FIG. 3 is an enlarged side elevational view of a modified steam injection tube and diffusion screen with the steam injection tube and diffusion screen partially cut away.

FIG. 4 is a cross-sectional view taken on the line 4--4 of FIG. 3.

DESCRIPTION OF THE PREFERRED EMBODIMENTS

Although the disclosure hereof is detailed and exact to enable those skilled in the art to practice the invention, the physical embodiments herein disclosed merely exemplify the invention which may be embodied in other specific structure. The scope of the invention is defined in the claims appended hereto.

One embodiment of the steam injection heater of this invention includes a heating chamber 10 (FIG. 1) which consists of a cylindrical casing 12 and a base portion 14. These are flanged at 16 and 18 respectively and are held together by bolts 20 and nuts 22. Bolts 20 extend through matching openings in flanges 16 and 18. A gasket 24 seals the joint between flanges 16 and 18. Base portion 14 has a liquid inlet 24 at its bottom and has a steam inlet 26 at its side. A steam inlet elbow 28 extends inwardly within base portion 14 from inlet 26 and is supported by being attached at its side margin 30 to base portion 14. Steam inlet elbow 28 is preferably integrally cast with base portion 14.

A foraminous steam injection tube 32 is connected by screw threads 33 at its base portion 34 to matching screw threads in the top of steam inlet elbow 28. Steam injection tube 32 is in the shape of a hollow cylinder and has a plurality of circular orifices 36 therein. Orifices 36 are enlarged in FIG. 2 for clarity of illustration. For example, they may have a diameter in the neighborhood of 0.055 inches, for a tube 32 1 inch in diameter.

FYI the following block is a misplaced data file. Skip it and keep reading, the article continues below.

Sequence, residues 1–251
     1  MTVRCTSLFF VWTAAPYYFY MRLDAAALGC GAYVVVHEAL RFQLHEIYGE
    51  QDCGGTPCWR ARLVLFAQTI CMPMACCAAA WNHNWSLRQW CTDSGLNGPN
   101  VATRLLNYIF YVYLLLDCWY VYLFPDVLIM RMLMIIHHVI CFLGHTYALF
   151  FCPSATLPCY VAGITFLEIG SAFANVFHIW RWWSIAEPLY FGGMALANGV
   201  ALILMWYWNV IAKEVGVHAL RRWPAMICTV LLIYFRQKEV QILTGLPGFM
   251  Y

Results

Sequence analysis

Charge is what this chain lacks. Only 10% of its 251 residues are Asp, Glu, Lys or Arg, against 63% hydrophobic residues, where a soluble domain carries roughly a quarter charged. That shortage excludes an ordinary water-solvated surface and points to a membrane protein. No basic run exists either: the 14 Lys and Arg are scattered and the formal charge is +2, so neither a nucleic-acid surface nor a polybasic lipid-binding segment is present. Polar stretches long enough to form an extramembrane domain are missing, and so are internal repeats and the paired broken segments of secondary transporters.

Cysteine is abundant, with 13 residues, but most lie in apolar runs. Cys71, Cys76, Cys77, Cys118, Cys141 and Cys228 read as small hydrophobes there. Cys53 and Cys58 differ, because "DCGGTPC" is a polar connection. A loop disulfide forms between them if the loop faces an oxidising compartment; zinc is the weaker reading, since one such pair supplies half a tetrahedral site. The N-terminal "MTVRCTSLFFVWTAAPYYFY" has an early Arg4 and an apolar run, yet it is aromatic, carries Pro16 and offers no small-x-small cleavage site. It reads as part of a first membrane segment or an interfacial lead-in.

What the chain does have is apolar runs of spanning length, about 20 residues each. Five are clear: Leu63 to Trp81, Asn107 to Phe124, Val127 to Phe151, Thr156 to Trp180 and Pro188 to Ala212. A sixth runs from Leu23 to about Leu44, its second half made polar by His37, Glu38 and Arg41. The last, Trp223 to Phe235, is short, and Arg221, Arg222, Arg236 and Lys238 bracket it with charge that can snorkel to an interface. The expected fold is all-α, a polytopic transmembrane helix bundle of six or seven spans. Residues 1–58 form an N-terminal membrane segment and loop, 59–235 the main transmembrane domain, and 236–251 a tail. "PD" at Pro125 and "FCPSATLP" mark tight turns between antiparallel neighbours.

A piston 38 is slidably mounted within tube 32 and is normally urged downward toward a piston stop ring 40 in the bottom of tube 32 by a compression coil spring 42 which is held in place at its upper end by spring stop ring 44 in the top of tube 32. When steam under pressure is introduced into steam inlet 26, the steam pressure forces piston 38 upwardly and exposes some of the orifices 36. The steam then discharges as small jets through orifices 36 and is absorbed into and heats the surrounding water, which is introduced into water inlet 24 and is guided in a helical path around steam injection tube 32 by helical vanes 46, which extend inwardly from the interior of casing 12. The heated water and condensed steam leaves the heating chamber 10 through water outlet 48 at the top of casing 12.

The higher the pressure of the steam, the higher will piston 38 be raised, and the more orifices 36 will be exposed to discharge steam jets into the surrounding water. In the device as thus far described, and as described in U.S. Pat. No. 2,455,498, the steam enters the water in the form of bubbles. As steam pressure increases, the bubbles grow larger. The increasing use of high pressure steam has created a water hammer problem in devices of this type, as the large bubbles will collapse violently as the steam condenses, with resultant water hammer noise.